Correspondence Matches: Around the same time the leading players were engaging in head-to-head competition -- the La Bourdonnais - McDonnell and Staunton - St.Amant are now considered unofficial World Championships -- the leading clubs were playing correspondence matches. Although Dutch clubs played the first such matches, Edinburgh won the most famous early match against London by +2-1=2 between 1824 and 1828. Paris won a two game match against Westminster +2-0=0 between 1834 and 1836.
The First Clubs, Magazines, Columns: Parsloe's and the London Chess Club were among the first chess clubs to be established, eventually replacing establishments like Café de la Régence (Paris) and Slaughter's Coffee House (London). In 1813 the first chess column appeared in a newspaper (Liverpool Mercury), and in 1823 in a periodical (Walker, Lancet). In 1836 La Bourdonnais edited La Palamède, the world's first chess magazine. The first great libraries (J.G. White, van der Linde) were assembled 50 years later.
German Players - The Pleiades: France and England had no exclusive right to chess, and interest was gathering steam elsewhere. The Berliner Schachgesellschaft was founded in the late 1820s. Within 10 years a group of Berlin players known as the Pleiades -- Ludwig Bledow (1795-1846), Wilhelm Hanstein (1811-1850), Karl Mayet (1810-1868), Bernhard Horwitz (1807-1885), Karl Schorn (1803-1850), Tassilo von Heydebrand und der Lasa (1818-1899), Paul Rudolf von Bilguer (1815-1840) -- were demonstrating real talent.
Chess in other countries:
America : In 1786 the first chess writing, the Morals of Chess by Benjamin Franklin (1706-1790), was published in America. From 1777 to 1785, Franklin lived in Passy, just outside Paris. The U.S. State Department considers that Franklin was the first American diplomat: 'He served from 1776 to 1778 on a three-man commission to France charged with the critical task of gaining French support for American independence. He convinced France to recognize American independence and conclude an alliance with the 13 states in 1778. He presented his credentials to the French court in 1779, becoming the first American Minister (the 18th century equivalent of American ambassador) to be received by a foreign government.' While in Paris he was a keen player, appeared frequently at the Café de la Régence, and once played The Turk. Despite Franklin's stature and support, American chess remained a backwater until Paul Morphy (1837-1884) appeared.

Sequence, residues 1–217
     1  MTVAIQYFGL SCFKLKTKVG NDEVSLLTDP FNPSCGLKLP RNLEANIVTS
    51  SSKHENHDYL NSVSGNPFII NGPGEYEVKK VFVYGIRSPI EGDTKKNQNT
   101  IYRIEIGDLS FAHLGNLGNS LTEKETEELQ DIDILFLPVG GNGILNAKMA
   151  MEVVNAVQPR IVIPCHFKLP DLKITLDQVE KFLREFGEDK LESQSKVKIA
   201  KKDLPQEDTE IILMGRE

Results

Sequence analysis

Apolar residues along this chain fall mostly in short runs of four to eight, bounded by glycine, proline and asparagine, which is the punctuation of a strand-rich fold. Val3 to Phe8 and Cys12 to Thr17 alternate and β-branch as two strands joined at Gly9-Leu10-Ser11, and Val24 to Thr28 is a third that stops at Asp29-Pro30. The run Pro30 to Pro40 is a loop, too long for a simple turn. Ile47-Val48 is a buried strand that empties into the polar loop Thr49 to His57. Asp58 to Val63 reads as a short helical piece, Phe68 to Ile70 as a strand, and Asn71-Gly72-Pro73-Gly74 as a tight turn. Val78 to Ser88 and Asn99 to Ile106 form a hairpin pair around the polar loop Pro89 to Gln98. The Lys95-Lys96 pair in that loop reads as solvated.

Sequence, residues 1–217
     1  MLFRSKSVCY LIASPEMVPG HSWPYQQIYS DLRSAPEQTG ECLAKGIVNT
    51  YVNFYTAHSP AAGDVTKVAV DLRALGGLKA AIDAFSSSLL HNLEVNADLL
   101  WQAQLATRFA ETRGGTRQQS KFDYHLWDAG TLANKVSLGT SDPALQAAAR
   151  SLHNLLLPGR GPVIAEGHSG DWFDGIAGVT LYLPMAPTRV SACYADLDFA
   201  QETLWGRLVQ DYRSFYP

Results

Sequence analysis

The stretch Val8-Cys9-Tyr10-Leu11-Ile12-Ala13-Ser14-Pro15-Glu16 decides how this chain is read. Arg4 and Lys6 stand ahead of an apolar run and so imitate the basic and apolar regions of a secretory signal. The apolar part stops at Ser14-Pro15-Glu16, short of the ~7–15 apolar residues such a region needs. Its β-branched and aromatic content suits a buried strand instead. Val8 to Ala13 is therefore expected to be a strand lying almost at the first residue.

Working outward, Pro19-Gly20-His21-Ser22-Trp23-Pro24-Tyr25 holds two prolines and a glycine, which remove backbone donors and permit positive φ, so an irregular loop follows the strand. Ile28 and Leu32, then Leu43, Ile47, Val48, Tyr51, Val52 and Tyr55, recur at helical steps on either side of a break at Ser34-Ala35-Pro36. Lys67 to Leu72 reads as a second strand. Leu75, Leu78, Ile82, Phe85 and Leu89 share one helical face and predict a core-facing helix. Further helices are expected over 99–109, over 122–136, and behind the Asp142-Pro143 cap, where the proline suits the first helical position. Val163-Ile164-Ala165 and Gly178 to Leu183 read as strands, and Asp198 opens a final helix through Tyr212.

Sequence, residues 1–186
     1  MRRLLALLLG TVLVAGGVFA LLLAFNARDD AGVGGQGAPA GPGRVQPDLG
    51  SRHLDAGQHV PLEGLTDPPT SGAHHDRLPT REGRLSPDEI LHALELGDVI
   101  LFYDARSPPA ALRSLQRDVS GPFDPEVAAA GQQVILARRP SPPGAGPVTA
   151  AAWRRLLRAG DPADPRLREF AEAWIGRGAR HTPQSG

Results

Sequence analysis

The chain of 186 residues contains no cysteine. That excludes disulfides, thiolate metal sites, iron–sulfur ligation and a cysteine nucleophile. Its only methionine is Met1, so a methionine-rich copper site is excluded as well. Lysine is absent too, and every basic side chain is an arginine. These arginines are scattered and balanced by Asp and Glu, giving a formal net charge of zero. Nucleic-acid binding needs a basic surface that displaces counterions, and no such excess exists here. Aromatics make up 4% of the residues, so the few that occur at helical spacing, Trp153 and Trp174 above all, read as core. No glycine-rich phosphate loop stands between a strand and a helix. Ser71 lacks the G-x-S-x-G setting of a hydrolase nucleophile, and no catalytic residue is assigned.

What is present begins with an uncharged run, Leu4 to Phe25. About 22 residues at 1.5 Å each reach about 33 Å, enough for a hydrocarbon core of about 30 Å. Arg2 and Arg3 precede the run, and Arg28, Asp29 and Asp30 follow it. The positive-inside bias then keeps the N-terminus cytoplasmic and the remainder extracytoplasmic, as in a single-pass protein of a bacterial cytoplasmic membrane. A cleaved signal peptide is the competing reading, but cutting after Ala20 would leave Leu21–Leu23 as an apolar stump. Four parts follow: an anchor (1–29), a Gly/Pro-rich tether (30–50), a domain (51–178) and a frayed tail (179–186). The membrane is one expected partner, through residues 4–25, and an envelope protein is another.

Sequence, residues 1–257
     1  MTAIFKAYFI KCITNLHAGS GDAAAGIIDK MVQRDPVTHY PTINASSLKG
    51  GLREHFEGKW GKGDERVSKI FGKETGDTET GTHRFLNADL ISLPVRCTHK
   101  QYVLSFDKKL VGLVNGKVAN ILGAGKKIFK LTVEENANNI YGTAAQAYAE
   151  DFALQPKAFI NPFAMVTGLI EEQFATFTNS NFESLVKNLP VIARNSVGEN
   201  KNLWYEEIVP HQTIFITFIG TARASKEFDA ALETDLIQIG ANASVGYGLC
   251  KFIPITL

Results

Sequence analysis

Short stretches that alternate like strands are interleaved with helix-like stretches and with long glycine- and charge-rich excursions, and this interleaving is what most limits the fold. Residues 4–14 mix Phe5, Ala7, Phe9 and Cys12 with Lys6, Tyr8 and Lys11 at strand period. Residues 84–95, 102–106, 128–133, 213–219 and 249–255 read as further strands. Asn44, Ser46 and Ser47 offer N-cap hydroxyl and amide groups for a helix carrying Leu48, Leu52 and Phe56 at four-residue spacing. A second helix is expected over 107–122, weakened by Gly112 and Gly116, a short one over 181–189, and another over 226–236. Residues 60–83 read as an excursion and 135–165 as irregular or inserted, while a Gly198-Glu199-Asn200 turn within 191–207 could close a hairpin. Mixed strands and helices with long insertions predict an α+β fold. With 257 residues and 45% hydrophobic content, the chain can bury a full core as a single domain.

Eastern Europe : Other strong players appeared in Eastern Europe. Jozsef Szen (Hungary, 1805-1857) beat La Bourdonnais in a match (1836, receiving odds of Pawn and two moves), founded the Budapest Chess Club (1839), and led a Hungarian team that beat Paris in a correspondence match (1842-1846). Lionel Kieseritzky [Kieseritsky] (Estonia, 1806-1853) travelled to Paris (1839) where he lost a match at odds to La Bourdonnais, gave lessons at la Régence, and later beat Horwitz in a match at London (1846). Johann Löwenthal [Loewenthal] (Hungary, 1810-1876) played on the same Hungarian team that beat Paris. Forced to flee Hungary in 1849, he sailed to New York. He met the strongest American players, played Morphy, and settled in Cincinnati.
London 1851: In 1851, these three strong European players were joined by Adolf Anderssen (Germany, 1818-1879), Mayet, Horwitz, Staunton, and other leading English players at the first international tournament, organized by Staunton in London.